I much prefer The Day The Earth Stood Still even though your criticisms of it are on the money. I think it's still a fantastic yarn about what might happen if an alien landed in Washington. Oh, I doubt E.T. would look like Michael Rennie, but it's still a hugely influential film. The theremin became the official instrument for movie aliens after its use here.

Keep revisiting these classics, Jeff!

Jeff McMahon said...

Bernard Herrmann's score is excellent, but there's a theremin in Dmitri Tiomkin's score for The Thing as well - a sign of the times.
Can you elaborate as to why the rapid fire dialogue doesn't work for you in a sci-fi/horror setting? It is an intriguing feature, outside of the typical comedy setting, and it makes the men seem more like a cohesive unit, almost like an organism fighting off an invading virus.

Joe Valdez said...

Kenneth Tobey is great in The Thing, but other than him, you have the Babe, The Professor, and the Reporter. I cannot put a personality or a name to any of the other 20 people milling around in that movie. To me, there were just too many people indistinguishable from each other.

And the movie is not scary. There's this really fast paced, clever dialogue, but it seemed like Hawks was almost embarrassed to introduce much science fiction or horror into the picture. I recall Arness being embarrassed to have to appear in this, with sci-fi's somewhat schlocky reputation at the time.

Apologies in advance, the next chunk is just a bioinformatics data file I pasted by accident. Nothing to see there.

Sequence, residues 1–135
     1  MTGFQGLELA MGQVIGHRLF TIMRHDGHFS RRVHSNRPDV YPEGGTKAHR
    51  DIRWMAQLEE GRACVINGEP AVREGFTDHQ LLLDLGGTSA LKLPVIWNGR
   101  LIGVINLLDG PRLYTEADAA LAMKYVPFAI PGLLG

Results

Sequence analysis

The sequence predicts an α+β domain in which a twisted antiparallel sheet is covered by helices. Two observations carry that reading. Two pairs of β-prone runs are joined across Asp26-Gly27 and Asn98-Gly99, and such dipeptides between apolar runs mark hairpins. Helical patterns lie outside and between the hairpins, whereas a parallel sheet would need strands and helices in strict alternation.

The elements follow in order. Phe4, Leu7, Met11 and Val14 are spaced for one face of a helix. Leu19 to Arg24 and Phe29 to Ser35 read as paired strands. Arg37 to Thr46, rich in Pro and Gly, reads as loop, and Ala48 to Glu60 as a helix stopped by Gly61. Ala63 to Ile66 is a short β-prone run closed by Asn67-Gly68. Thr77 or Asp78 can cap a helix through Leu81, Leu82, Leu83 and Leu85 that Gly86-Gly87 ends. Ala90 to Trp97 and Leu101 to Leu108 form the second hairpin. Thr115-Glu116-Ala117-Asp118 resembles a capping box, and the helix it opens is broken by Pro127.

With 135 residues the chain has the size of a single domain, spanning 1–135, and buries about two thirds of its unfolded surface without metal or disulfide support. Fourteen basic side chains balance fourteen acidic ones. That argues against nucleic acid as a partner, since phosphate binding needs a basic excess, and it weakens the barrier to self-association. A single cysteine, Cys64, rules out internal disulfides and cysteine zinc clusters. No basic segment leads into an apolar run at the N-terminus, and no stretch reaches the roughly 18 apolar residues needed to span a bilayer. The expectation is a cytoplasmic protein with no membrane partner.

For me, '50s sci-fi/horror is all about Them! and not many flicks come close to that one.

Jeff McMahon said...

khfiqWell, it was scary back in 1951, and indeed it would be unlike Hawks to introduce a lot of sci-fi fantasy or moody horror stylization into this movie. His movies were about ordinary people working together to resolve problems and achieve missions and he was proud of never using anything the slightest bit stylish, like a dutch angle, in his movies.

As regards Them!, I wonder: do you consider that movie to be scary? My personal take is that there are about four legitimately scary movies from the 1950s - Invasion of the Body Snatchers, Curse of the Demon. Les Diaboliques, and parts of Creature from the Black Lagoon. I love Them! - I think that it's not just a highly entertaining movie, but it's a uniquely and specifically American movie. It's about a bunch of people, military guys and civilians, faced with a weird, bizarre problem, who then roll up their sleeves and proceed to tackle it head-on. And best of all, without the need to demonize any other segment of society in the process.

Chuck Bowen said...

Tiomkin's score for The Thing is absolutely wonderful, or at least the unforgettable primary riff (I haven't seen the movie in a while.)

I think The Day the Earth Stood Still is a good message movie, and this is from someone who finds that a little tough to take. The Thing From Another World is much more my style, and, while equally dated, it has that score, one of the absolute best monster deaths in the genre, and a real palpable feeling of claustrophobia, of being trapped.

And to revive the Kirk/Picard of horror nerd debates, yes, I much prefer the Carpenter remake, but I love both. Thanks for the article Jeff, I'll have to revist the Hawks version soon.